Now that General Electric Co. (NYSE: GE) shareholders have had a few hours to get used to a 50% cut to their annual dividend, it’s probably a good time to take a look at the rest of CEO John Flannery’s strategy.
Calling 2018 a “reset year” for GE, Flannery also said that the company is reducing the number of directors from 18 to 12 and will be combing through its portfolio to find the ones that will create the most value for GE and its shareholders.
The centerpiece of Flannery’s strategy is the divestiture of some $20 billion in GE’s assets. The company agreed in late September to sell its industrial solutions business to ABB for $2.6 billion. The sale will be part of the $20 billion planned sell-off.
GE is also seeking a buyer for its light-bulb manufacturing business, the remaining part of its former Energy Connections and Lighting segment. In the third quarter, the Lighting segment accounted for less than 2% of consolidated revenue. This business has been for sale for a while, but there appear to be no takers at a price GE is interested in accepting.
That brings us to Baker Hughes, a GE Company (NYSE: BHGE), the oilfield services firm GE recently acquired and that CEO Flannery singled out for attention during his presentation. GE’s Oil & Gas segment now includes a 63% stake in Baker Hughes, and Flannery said that GE wants to “maximize the value” of Baker Hughes but went to note that such a maximization might include a different structure or owner for Baker Hughes.
The problem here is that the oilfield services business is volatile and buyers for GE’s stake in Baker Hughes (worth about $14 billion) are not exactly thick on the ground. Schlumberger tried to buy Baker Hughes but ran into regulatory issues that might have disappeared under the new administration in Washington.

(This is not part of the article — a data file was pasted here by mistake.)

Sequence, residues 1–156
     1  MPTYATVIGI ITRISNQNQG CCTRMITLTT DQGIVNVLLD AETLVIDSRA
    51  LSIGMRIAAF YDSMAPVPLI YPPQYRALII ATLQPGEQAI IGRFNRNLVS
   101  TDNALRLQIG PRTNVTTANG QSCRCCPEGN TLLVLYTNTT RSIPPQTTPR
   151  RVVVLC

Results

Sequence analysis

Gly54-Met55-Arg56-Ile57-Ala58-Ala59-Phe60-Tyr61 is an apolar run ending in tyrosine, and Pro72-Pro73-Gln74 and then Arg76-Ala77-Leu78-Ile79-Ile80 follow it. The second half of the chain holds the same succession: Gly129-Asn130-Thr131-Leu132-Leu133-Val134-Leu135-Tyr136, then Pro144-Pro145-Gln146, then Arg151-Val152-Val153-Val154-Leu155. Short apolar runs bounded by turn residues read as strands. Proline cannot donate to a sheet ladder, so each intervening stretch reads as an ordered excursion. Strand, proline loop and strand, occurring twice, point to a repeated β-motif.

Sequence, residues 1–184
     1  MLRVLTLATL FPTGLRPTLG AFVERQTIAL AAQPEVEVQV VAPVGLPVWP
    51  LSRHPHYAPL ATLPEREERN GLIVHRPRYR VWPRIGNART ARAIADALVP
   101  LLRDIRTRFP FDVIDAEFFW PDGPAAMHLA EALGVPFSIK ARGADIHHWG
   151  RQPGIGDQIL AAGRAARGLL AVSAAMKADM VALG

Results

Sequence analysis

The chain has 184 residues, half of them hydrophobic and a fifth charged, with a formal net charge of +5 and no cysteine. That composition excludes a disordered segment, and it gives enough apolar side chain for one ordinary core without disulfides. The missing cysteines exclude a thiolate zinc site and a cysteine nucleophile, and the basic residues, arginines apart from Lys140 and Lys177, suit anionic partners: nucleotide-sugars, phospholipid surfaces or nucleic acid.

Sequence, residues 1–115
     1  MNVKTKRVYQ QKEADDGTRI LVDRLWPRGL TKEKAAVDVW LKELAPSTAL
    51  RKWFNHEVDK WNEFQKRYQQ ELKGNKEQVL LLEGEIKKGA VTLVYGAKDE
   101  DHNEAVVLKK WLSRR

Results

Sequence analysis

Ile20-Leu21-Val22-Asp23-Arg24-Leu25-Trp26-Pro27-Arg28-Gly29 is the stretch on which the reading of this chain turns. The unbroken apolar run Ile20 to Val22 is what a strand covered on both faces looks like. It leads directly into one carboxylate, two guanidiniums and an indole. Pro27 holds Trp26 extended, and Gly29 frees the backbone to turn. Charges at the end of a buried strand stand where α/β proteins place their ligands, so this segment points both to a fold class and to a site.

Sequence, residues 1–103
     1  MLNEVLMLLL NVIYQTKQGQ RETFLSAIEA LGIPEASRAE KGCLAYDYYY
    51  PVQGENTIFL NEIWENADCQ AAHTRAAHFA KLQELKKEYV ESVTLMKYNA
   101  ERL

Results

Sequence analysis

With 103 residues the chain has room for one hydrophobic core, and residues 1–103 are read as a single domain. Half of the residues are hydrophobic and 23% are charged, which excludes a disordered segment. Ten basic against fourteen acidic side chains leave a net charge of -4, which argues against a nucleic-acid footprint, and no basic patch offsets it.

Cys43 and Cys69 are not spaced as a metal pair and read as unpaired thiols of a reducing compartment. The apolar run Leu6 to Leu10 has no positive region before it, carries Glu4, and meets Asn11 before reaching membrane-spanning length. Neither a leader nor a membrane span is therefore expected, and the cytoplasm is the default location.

The new Baker Hughes also retains some approval rights until mid-2019 over what GE can do with its stake.
Finally, there’s the transportation business, which racked up $1.1 billion in third-quarter revenues and $276 million in quarterly profit, down 14% year over year in revenue and 11% in profit. Year to date, revenues of $3.47 billion are down 8%, the only segment (not including Lighting) to show a year-over-year decline. What’s a locomotive-building business worth?
If GE can realize $14 billion for its stake in Baker Hughes, that brings its total divestiture to nearly $17 billion. Dumping the transportation business and the light-bulb business should allow the company to fulfill its goal of $20 billion.
Investors were hammering GE stock shortly after the noon hour. The shares traded down about 7.6% at $18.95, after posting a new 52-week low of $18.85 earlier. The 52-week high is $32.38. Because the dividend cut has been a near certainty for weeks if not months, the plunging share price is likely the result of the new strategy.